• 3. Defining Goals and Evaluating Outcomes  Goal of presenting negative information about drugs in schools = prevention of use  Programs should be evaluated according to how many students in the program later tried drugs  Until the early 1970s, most drug prevention programs were not evaluated© 2011 McGraw-Hill Higher Education. All rights reserved.
    • 4. Types of Prevention  Public health model: primary, secondary, and tertiary prevention  Primary prevention  Aimed at young people who have not yet tried the substances in question  May encourage abstinence and help teach people how to view the potential influence of drugs on their lives, emotions, and social relationships  Must avoid giving information in ways that arouses children’s curiosity and encourages them to try the substances in question© 2011 McGraw-Hill Higher Education. All rights reserved.
    • 5. Types of Prevention  Secondary prevention  Aimed at people who have experimented with drugs but who typically aren’t suffering serious consequences from drug use  Many college students fall into this category  Goals  Prevention of use of other, more dangerous substances  Prevention of more dangerous forms of use  Example = college programs encouraging responsible use of alcohol© 2011 McGraw-Hill Higher Education. All rights reserved.
    • 6. Types of Prevention  Tertiary prevention  Aimed at people have been through substance abuse treatment or who stopped using a drug on their own  Goal is relapse prevention© 2011 McGraw-Hill Higher Education. All rights reserved.
    • 7. Types of Prevention  Institute of Medicine’s “continuum of care”  Prevention  Treatment  Maintenance  Classification scheme for prevention efforts  Universal prevention  Selective prevention  Indicated prevention© 2011 McGraw-Hill Higher Education. All rights reserved.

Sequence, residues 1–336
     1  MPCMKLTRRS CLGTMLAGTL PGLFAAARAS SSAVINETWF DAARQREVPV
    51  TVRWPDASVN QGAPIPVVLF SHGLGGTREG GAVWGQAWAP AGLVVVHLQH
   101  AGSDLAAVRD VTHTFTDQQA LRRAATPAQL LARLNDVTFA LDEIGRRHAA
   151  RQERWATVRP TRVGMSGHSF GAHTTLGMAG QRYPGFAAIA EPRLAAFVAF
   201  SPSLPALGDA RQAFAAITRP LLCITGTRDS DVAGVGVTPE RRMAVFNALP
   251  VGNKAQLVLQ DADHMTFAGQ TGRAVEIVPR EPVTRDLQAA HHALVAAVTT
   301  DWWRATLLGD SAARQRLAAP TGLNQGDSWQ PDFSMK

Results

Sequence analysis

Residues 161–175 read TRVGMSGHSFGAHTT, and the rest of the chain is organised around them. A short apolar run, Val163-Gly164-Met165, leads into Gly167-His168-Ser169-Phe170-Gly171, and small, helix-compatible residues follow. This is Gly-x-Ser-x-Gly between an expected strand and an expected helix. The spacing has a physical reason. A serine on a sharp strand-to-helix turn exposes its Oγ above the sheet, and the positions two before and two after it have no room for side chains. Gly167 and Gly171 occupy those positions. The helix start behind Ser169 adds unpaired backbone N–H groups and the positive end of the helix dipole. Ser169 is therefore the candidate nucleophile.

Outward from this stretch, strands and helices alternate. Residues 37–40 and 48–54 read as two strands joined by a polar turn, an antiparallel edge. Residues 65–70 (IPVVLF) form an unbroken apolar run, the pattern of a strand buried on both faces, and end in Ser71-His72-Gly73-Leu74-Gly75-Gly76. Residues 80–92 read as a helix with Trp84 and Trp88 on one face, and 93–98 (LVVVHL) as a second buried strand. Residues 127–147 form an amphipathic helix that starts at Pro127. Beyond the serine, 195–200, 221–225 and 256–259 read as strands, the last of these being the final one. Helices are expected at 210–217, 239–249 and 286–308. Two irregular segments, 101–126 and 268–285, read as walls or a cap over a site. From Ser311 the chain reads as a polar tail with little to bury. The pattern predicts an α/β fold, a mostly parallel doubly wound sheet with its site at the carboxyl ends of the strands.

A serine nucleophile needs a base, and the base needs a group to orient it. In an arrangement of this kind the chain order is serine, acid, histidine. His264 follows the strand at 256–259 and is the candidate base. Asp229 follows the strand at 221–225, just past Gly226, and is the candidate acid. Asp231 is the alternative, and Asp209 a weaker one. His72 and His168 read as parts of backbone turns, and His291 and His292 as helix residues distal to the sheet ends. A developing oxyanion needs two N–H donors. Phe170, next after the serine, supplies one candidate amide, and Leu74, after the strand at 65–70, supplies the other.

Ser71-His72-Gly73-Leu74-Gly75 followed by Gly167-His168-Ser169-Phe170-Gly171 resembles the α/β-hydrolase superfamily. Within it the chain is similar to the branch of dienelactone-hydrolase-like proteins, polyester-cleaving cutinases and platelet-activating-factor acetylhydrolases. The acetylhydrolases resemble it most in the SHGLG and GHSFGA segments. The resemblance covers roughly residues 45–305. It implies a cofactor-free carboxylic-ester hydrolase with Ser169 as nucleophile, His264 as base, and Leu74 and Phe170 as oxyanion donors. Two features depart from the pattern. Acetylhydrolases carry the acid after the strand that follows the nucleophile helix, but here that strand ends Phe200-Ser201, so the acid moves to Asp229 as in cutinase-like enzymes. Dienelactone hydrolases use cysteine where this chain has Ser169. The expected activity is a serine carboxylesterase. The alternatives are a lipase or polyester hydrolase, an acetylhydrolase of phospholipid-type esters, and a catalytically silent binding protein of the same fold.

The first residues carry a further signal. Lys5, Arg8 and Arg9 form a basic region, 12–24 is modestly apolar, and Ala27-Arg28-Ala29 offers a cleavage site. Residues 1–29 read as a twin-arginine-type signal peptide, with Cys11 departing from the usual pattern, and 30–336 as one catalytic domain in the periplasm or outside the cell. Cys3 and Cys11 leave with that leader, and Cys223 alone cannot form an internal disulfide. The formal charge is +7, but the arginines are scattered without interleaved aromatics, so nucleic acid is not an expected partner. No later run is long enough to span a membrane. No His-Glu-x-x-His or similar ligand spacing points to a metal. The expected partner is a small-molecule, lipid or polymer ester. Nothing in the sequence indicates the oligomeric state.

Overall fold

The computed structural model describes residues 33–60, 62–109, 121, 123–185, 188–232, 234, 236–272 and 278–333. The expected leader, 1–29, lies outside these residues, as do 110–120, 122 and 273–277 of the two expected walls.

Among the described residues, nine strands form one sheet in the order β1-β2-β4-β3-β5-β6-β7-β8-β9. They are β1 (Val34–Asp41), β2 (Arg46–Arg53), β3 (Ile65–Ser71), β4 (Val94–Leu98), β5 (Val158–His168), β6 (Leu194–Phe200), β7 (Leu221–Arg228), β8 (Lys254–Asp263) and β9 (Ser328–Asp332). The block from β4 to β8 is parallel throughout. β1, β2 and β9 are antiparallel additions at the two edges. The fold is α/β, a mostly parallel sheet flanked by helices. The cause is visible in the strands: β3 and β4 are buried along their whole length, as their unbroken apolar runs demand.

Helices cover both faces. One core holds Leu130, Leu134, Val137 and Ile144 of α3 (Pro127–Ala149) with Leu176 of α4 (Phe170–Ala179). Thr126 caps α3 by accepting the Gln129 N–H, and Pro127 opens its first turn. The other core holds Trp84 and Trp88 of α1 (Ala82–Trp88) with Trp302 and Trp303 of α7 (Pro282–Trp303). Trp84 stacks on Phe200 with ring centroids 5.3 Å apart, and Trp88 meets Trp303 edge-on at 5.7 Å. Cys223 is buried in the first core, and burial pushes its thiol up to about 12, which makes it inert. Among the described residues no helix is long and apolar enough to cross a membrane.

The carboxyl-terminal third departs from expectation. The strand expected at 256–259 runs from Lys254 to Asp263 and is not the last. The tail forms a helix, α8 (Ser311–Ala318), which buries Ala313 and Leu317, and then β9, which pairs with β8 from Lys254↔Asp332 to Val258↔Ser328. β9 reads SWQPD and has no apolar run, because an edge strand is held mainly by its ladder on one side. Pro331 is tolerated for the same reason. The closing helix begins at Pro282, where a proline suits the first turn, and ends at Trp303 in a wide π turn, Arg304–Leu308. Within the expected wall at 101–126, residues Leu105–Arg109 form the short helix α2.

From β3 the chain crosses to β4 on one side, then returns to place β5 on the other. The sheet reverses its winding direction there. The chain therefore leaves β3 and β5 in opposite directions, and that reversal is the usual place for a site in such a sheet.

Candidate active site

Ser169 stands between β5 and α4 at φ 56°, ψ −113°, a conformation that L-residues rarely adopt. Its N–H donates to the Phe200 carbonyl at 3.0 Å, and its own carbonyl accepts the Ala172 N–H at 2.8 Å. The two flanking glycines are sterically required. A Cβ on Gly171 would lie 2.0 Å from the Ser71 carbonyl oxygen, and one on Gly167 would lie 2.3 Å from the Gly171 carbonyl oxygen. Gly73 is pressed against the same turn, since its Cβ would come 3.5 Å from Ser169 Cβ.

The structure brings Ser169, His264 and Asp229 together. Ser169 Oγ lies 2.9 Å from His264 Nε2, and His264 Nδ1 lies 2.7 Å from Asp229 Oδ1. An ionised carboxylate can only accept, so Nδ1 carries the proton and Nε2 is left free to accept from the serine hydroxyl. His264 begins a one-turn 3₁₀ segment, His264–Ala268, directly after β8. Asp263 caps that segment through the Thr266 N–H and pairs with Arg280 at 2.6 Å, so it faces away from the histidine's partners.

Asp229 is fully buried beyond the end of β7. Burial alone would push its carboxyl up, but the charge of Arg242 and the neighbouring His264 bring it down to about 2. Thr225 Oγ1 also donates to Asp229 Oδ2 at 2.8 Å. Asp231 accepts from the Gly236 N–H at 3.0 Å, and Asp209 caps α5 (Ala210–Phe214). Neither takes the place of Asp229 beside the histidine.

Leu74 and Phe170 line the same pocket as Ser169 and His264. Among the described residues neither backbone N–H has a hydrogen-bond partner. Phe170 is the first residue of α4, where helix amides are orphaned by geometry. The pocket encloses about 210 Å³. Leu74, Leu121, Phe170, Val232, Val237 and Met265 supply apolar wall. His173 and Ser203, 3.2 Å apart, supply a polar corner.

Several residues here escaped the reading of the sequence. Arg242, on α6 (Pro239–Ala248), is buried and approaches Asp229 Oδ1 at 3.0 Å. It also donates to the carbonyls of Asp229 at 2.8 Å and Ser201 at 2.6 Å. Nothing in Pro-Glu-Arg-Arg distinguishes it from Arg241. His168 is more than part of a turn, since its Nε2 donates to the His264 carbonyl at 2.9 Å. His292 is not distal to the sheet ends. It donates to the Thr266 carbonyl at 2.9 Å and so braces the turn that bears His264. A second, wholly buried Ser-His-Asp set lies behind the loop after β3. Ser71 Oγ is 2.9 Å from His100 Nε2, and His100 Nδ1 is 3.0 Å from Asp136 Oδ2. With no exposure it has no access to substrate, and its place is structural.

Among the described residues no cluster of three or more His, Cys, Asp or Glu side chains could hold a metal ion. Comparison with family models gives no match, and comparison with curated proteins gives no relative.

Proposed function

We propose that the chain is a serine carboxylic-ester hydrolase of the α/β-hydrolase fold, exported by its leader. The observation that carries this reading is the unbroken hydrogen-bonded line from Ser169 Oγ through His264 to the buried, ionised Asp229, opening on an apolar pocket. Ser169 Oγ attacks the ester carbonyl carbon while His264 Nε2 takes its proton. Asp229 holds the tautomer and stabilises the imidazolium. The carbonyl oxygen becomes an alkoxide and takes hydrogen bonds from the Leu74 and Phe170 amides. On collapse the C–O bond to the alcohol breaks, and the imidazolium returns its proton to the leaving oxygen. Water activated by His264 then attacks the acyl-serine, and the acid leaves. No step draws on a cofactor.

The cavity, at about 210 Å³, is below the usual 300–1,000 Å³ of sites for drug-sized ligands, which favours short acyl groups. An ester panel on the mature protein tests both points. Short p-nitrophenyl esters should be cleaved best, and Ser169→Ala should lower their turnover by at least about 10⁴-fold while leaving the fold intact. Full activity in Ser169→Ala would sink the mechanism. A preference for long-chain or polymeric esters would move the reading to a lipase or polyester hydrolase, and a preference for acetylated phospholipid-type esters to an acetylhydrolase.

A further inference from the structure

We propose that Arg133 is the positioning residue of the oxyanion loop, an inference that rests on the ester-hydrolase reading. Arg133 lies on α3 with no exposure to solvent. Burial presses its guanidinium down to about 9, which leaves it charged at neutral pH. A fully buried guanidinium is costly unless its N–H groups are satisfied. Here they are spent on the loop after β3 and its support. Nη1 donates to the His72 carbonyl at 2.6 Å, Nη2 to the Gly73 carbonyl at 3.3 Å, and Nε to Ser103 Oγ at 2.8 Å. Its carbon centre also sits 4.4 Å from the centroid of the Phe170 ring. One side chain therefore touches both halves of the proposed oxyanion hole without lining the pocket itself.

• 8. Types of Prevention  Universal prevention = for an entire population  Example: community, school  Selective prevention = for high-risk groups within a population  Example: students doing poorly in school  Indicated prevention = for individuals who show signs of developing problems  Example: adult arrested for a first offense of driving under the influence of alcohol© 2011 McGraw-Hill Higher Education. All rights reserved.
    • 9. Drugs in the Media  Don’t be a Patsy Advertisement Campaign  The ads showed an over-protective mother “patting down” her daughter before she left the house.  The ad ended with “Don’t be a Patsy. Learn a better way at drugfree.org.”  The advertisements are a shift from the 1980s “This is your brain on drugs ads, which overstated the harmful effects of drugs on young people.  These types of embellishments decrease the credibility of drug educators and lead young people to reject all drug-related information from so-call informed sources.© 2011 McGraw-Hill Higher Education. All rights reserved.
    • 10. Prevention Programs in Schools  Knowledge-attitudes- behavior model  Affective education  Anti-drug norms  Social influence model  DARE and other programs in use© 2011 McGraw-Hill Higher Education. All rights reserved.